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Tales From the Other Side of the Screen #3: Meet Markets

Written by MythicParty - Published on March 6, 2013

Image courtesy of pixbox77 FreeDigitalPhotos.net‘Tales From the Other Side of the Screen’ is a weekly response to Darkwarren’s DM Dispatches column, providing a Player perspective to our DM’s view. “So you’re all in this tavern, drinking and stuff and umm, this strange merchant comes up to you….”  the DM intones, as the Player’s eyes collectively glaze over.  Look, its not always easy bringing a party together.  Darkwarren’s idea to have us player’s suggest the connections we had to each other through the town was a good starting point for establishing our shared commonality.  But he’s right, we didn’t all use it or probably use it as deeply as he had been hoping we’d do.  However considering our last campaign, Kingmaker (think Old School Keep of the Borderlands) had a completely homogeneous party of Dwarves, some of whom were even related, the Meet Up then was a lot more obvious.

For me I had thought of a backstory that would have made me come from out of town, partially to keep with the whole wandering Monk motiff & partly because I didn’t think EVERYONE should start off in the same town.  Just didn’t seem realistic to me.  So after coming up with the broad outline, I asked if Darkwarren could fill in the details- names, places, & most importantly the reason my Monk was ‘on the run’ for his life.  He gave some ideas, I suggested some changes, he responded with other possibilities & then my character evolved out of that back-and-forth process.  We also set up some ‘secrets’ in that there are aspects to the character which may or may not be later revealed, depending upon how things progress both story-wise as well as through roleplaying with the rest of the party.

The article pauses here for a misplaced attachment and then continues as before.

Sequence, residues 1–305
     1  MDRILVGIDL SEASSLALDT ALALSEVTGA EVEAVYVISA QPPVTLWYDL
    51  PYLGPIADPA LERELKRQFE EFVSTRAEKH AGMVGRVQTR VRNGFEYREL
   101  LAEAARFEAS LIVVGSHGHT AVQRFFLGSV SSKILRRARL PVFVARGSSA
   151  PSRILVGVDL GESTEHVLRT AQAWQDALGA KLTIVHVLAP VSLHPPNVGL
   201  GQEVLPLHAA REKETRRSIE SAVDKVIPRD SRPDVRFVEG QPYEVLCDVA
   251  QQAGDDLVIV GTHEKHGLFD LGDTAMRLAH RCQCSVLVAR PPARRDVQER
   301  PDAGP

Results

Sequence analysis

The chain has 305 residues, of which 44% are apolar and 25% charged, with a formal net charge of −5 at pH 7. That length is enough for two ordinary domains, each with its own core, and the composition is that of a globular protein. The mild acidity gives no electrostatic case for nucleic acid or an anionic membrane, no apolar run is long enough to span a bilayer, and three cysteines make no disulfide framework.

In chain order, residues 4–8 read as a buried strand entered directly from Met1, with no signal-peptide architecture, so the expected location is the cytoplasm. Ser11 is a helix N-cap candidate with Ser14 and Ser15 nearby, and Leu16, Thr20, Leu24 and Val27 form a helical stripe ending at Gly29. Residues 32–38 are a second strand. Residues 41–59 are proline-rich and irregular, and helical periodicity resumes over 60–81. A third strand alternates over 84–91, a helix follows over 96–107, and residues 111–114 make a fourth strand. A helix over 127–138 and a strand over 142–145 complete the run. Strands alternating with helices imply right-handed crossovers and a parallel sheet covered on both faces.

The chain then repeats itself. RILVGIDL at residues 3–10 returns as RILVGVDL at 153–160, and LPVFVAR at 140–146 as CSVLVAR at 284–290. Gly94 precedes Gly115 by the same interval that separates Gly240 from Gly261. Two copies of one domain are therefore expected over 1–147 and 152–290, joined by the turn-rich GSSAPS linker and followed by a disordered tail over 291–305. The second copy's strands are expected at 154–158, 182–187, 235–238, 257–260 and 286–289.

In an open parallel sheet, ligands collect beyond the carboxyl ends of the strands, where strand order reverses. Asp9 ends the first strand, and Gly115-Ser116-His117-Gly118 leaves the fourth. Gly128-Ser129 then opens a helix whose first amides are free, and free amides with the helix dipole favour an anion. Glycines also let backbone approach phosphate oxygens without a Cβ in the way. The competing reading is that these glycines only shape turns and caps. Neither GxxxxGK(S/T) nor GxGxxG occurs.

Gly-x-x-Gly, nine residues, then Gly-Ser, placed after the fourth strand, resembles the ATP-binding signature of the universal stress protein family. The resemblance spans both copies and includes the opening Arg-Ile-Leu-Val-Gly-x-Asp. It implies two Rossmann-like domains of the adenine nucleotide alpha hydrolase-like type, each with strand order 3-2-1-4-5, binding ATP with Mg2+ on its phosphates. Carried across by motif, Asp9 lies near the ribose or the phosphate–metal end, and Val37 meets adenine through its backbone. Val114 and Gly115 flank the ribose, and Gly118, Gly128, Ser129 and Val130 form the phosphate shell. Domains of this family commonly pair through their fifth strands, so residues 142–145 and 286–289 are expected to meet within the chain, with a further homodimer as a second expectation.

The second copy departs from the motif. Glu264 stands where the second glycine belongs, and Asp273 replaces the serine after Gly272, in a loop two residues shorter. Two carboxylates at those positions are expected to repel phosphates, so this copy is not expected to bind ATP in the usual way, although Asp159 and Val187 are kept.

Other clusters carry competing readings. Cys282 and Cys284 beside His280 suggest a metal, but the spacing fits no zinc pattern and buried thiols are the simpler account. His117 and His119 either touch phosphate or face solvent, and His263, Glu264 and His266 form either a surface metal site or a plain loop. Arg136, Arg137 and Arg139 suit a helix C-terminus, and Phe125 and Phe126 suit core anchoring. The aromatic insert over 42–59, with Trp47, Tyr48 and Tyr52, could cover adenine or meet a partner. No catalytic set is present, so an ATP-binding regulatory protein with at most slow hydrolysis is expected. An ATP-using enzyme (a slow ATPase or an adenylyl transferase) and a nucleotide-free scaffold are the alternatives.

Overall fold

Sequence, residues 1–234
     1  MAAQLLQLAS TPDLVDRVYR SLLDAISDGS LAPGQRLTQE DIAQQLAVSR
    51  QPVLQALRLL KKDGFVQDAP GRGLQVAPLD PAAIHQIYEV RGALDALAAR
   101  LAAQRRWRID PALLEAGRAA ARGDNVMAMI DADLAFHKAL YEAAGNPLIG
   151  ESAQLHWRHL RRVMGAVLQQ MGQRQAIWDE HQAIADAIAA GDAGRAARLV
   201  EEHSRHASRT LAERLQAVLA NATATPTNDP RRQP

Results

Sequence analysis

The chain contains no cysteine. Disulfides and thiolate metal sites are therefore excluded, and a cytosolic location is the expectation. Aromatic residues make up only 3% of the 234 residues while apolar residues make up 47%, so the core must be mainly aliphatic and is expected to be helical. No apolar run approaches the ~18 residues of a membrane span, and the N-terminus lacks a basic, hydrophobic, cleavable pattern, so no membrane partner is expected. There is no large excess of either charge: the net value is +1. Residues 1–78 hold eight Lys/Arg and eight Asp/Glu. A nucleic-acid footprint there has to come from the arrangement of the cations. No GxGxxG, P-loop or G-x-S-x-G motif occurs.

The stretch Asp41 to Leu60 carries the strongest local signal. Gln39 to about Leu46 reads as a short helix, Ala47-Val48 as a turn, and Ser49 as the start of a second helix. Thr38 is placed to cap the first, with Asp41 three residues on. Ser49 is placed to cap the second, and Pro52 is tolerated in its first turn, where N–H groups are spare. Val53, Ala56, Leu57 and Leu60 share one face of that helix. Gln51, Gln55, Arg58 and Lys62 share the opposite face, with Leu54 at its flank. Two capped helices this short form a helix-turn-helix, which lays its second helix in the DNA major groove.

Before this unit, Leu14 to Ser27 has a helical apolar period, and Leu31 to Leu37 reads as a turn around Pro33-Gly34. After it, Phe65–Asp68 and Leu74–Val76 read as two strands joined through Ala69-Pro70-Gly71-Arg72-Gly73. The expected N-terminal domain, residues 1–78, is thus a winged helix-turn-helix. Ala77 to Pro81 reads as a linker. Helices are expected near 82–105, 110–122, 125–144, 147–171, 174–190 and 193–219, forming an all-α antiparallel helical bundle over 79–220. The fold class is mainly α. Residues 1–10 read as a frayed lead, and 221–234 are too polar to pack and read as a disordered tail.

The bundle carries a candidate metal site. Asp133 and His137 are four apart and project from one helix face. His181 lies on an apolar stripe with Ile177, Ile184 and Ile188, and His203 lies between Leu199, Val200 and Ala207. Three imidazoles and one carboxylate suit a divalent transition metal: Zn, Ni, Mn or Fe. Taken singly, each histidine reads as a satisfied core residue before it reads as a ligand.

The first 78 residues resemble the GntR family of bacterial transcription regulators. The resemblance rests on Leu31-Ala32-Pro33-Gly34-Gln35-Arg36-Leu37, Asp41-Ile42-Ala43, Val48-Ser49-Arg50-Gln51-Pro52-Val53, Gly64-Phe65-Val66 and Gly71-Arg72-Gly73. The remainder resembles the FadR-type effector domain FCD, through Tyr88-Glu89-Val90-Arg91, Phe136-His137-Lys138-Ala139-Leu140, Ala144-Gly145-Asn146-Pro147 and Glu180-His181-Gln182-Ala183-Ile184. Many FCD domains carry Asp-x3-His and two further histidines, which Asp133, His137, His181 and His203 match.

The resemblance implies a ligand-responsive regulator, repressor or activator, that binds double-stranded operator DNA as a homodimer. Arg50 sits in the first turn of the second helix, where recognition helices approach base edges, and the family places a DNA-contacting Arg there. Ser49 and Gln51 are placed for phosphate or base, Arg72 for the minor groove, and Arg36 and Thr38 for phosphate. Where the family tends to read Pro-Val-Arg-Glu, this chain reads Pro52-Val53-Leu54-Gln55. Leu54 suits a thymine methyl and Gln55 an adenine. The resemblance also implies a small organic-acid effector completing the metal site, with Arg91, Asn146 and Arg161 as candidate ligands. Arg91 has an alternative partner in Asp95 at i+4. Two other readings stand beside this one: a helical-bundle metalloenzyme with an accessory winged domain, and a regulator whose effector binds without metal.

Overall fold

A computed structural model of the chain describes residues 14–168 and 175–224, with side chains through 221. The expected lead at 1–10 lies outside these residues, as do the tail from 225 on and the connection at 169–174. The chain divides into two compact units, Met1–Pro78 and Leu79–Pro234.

So how can you bring all the PCs into a single unit & then have that introduction be believable enough for them to stick with each other?  Well here are a few ‘hooks’ that I’ve seen other DMs use to help get all those different ‘fish’ to land into the same boat:

  1. The Job Tree- i.e. have one set place where notices for hirelings are put.  Sort of an employment office for adventurers.  Natural magnet.
  2. All in the Family- i.e. the entire party is related, whether by blood, marriage, or through bond.
  3. The C-Team- i.e. the party is the fantasy version of a special forces group, whether officially sanctioned, officially coerced, or forced into hiding
  4. Offer You Can’t Refuse- i.e. the players are all in the debt of an organized crime organization, & while crime pays the debt is never paid off.
  5.  Jail Break- i.e. the group is in prison or held in slavery when the opportunity to escape presents itself.  On the run & with scarce resources they must work together in order to survive
  6. Cube Us- i.e. the PCs all wake up in a strange place with no memories of how they got there or even who they are.  The names & background get filled in as the campaign progresses.
  7. Dream Machine- i.e. whether divine or for another reason, everyone receives the same omen, image, dream quest, etc.  It points them in a common direction & the symbols from the dream provide clues for who they should work with & what they should do.

What do YOU think?  Do any of these hooks work for you?  Was Darkwarren’s ‘make a connection to the town’ technique something you’ve tried or should he have done in a different direction?